Last week, as the people of Sunnyside Church and University Park Church in Portland, Ore., prepared to march in the annual Pride Parade, the two congregations held a joint worship service where Matthew 25: 31-46 -- some of the most familiar and important words spoken by Jesus -- were read.
At the moment of judgment -- and these moment actually occur more frequently than we perhaps understand -- Jesus tells those around him that the Kingdom is available only to those who have done acts of mercy for the least of these, those who are the outcasts of society but front and center in the heart of God. As the hymn goes, God's eye is on the sparrow. Our God is a God who watches over the powerless and keeps the powerful in check. There are no strangers in God's house. We are all known and loved. And we are all called to do acts of justice and kindness as we walk humbly before our God.
We hear the Kingdom talked about in at least two different ways: as eternal life and the realm of God in the here and now. It was in the here and now that Jesus seemed to place most of his attention.
In a world such as ours it is difficult to envision the Kingdom existing but it is here now -- all around us -- in small places, in short moments. Each time we act to improve the lot of others the Kingdom comes and we are closer with God. When we act against God -- when we hate, fight unjust wars, ignore the hungry and those living in poverty -- we move further and further away from God and exile ourselves from the Kingdom God has envisioned for us.
Right now our nation is in the midst of a great civil rights struggle that will one way or another define how we as a people will regard those who are gay and lesbian, bisexual, transgendered and questioning about their sexuality. This is the kind of debate that would have been familiar to Jesus. The debates of his time often centered on who was welcome in the community. Were women welcome? Were foreigners welcome? Were people of different religions welcome? Were those society deemed unclean welcome? Jesus always welcomed everyone. He set an example for us to follow. He taught that the great test of life was how we treat one another. Do we respond with love to one another or not?
A female clergy person wrote last week to say my views on "homosexuality" were Satan inspired and that I was leading Portland into hell with my teachings (who knew I wielded such power?). In response, I wrote:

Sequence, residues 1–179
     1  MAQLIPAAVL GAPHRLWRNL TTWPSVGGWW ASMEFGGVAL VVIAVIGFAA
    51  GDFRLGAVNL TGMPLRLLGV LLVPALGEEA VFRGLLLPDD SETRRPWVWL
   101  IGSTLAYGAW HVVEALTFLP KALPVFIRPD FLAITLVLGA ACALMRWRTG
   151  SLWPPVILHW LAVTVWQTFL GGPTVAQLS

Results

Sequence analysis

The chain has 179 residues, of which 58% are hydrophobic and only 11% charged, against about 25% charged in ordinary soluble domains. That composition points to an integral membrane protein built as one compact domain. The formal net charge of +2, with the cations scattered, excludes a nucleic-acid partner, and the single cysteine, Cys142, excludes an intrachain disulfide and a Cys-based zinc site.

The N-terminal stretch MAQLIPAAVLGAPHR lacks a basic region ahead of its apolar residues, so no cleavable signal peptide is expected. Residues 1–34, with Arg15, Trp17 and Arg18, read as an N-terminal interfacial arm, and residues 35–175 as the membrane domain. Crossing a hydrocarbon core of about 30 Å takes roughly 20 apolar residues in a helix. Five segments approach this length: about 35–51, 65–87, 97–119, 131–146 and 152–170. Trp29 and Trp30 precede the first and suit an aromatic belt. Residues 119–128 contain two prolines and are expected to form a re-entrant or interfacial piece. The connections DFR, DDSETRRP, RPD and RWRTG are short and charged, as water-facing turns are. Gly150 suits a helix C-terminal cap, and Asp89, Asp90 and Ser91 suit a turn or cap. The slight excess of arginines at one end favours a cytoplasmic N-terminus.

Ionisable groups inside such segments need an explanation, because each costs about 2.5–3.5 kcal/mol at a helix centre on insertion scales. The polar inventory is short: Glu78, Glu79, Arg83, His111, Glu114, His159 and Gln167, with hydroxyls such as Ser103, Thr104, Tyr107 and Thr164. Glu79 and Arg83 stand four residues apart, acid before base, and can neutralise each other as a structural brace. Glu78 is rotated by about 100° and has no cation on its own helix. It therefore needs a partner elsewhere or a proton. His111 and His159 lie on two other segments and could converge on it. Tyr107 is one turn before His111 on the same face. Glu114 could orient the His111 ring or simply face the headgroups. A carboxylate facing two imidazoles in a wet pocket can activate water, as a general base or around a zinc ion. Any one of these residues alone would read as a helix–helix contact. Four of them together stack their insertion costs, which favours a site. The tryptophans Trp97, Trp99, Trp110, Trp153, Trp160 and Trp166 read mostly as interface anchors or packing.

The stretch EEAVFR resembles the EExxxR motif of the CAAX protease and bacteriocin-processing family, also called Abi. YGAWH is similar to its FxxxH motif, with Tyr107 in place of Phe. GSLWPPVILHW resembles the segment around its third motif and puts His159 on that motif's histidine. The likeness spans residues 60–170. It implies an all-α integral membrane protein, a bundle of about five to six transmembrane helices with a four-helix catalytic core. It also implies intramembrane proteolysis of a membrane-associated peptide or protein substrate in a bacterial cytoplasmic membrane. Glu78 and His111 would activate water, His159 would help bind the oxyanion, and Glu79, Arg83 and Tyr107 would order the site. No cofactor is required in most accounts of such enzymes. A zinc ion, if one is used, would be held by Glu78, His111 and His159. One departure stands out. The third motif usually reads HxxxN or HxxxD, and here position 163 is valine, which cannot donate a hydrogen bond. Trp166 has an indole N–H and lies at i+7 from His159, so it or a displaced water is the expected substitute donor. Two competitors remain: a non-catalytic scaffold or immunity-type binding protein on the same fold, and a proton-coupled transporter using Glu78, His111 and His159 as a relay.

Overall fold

"If you truly believe this you should be consistent and submit to my Biblical authority as a man and believe as I do... Of course, I don't actually want you to do that. You should think for yourself -- no matter what the Bible might say."
After all, a "literal" reading of Scripture generally assumes that women should not preach or be clergy. She replied that I had surrendered my Biblical authority by preaching that "homosexuality" was not a sin. Had I preached a message she agreed with this person would have apparently submitted to me but since she disagreed she has her own viewpoint which only goes to show you should never respond to emails like these.
You see, homosexuality is still not a sin. It is a sin to discriminate -- against gays, people of color, women, children, immigrants... It is a sin to exclude whereas Jesus welcomed. The Greatest Commandment is to love. I think Satan, however you want to define evil in the world, would disagree with me on this but this is how I understand the word of God.
This person offered to pray for me. I hope she will. I prayed for her. Not a prayer that she finds a way to agree with me but a prayer that she and I both find better ways to generously love what we might not understand.
It is a Christian tradition to walk. Jesus and the Disciples walked as he taught. Paul walked as he evangelized. In more recent years, Christians have marched to join campaigns to end slavery and then to extend civil rights to all people not matter the color of their skin. So to have Christians walked on behalf of women and immigrants and children and for peace in every corner of the globe. Last week we walked again with fellow Christians and other people of faith as part of the Pride Parade as a symbol of God's extravagant welcome for all. Some of us walked as gays and lesbians. Some of us walked as allies. But we all walked as one in Christ who called us to stand up for the least of these in society, and to show the love we would to God to our neighbors, no matter who they might be.